Exactly. Where they once were able to fend for themselves and make a decent living, now they are forced to work for someone else. Farming traditionally does not make a lot of cash, all of the value is in the land. These people lost their farm, not because of market forces or poorly running their enterprise, but because the government forced them to pay estate taxes on the value of the land. As I said, I think the estate tax should not include the value of a family run business in the tax.
I agree with you on that. Exclude it, and don't step up the basis.
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Re: Estate taxes
Old 12-13-2006, 01:50 PM   #78
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Re: Estate taxes

I don't buy that family farmers who are land rich and cash poor are forced to sell to pay taxes. Don't forget, the IRS allows the payment of the estate tax over time for family farms and family businesses. You get 14 years to pay the tax. Another option would be to finance the payment of the taxes by getting a mortgage on the farm.Selling part of the farm is only one option. Plus, almost no family farms have the kind of equity anyway that results in an estate tax.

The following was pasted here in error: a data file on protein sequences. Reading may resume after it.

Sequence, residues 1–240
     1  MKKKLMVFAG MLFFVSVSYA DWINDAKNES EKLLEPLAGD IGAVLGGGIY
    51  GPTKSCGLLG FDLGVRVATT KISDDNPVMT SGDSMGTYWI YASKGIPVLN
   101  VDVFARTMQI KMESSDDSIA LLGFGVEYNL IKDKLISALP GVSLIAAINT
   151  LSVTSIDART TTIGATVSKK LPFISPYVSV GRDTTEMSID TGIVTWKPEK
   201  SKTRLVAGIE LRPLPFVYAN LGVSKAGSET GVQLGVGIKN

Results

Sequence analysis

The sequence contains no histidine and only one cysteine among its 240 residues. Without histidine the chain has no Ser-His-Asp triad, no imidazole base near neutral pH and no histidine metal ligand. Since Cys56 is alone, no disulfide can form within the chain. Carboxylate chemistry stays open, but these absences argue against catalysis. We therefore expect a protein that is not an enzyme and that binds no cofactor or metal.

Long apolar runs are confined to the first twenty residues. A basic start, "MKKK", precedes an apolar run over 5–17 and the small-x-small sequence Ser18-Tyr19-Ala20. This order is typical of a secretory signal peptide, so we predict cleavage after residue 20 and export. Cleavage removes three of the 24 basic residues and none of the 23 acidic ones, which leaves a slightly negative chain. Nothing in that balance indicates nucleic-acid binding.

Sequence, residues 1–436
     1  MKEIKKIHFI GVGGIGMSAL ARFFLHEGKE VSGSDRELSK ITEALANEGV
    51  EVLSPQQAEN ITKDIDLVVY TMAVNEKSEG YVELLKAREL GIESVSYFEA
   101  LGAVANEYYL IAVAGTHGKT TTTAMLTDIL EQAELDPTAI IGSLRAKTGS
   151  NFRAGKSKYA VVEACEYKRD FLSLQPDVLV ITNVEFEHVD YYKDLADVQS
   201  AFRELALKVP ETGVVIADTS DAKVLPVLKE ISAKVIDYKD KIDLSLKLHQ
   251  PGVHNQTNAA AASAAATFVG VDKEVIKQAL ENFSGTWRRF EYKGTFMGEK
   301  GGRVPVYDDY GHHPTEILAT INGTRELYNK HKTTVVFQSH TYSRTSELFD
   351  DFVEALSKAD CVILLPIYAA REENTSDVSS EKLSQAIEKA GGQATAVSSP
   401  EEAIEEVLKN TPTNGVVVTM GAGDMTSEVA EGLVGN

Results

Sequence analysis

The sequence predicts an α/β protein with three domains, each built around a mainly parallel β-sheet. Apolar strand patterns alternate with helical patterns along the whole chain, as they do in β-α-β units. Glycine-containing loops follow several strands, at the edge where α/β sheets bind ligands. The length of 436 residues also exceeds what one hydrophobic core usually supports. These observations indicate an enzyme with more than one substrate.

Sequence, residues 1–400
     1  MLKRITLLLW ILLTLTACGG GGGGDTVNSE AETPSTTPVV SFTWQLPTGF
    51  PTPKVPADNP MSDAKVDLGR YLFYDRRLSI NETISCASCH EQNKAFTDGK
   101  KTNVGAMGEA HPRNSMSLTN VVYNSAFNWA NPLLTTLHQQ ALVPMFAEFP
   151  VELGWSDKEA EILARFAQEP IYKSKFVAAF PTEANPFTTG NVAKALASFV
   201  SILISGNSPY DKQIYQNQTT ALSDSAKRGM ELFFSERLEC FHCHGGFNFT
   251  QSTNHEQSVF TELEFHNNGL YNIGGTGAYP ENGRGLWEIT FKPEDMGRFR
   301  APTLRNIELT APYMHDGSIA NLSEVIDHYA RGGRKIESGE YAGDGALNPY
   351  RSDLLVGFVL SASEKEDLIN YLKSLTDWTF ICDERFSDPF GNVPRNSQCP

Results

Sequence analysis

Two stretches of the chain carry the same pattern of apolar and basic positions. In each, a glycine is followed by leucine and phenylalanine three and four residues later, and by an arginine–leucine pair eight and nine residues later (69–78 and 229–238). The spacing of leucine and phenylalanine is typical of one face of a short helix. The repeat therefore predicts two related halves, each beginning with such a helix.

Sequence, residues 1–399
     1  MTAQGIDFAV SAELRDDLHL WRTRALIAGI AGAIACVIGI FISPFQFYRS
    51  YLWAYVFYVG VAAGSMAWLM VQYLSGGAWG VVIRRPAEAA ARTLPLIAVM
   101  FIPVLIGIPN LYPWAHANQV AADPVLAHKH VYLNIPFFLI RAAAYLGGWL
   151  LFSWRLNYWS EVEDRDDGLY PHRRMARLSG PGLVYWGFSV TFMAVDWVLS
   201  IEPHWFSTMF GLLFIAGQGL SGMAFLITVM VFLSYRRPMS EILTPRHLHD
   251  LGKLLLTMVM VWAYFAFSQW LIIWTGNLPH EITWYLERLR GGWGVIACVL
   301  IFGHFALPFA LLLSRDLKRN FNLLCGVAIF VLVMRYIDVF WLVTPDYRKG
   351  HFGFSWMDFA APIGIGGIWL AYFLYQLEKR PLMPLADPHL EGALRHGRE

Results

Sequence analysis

http://www.newfarm.org/columns/policy/2006/0713.shtml

The report shows that in 2000, the number of farm estates that had to file an estate tax return was 4,641 and of those a little over one-third (1,659) owed any estate tax at all. Of the 1,659 who owed estate taxes only 138 did not have sufficient liquid assets to immediately pay the taxes due. It should be noted that for farmers, the estate tax payments can be paid over as many as 14 years. The 2000 filings included the estates of persons dying in 1998, 1999, and 2000 and the exemption level varied from $625,000 to $675,000, according to the year of death.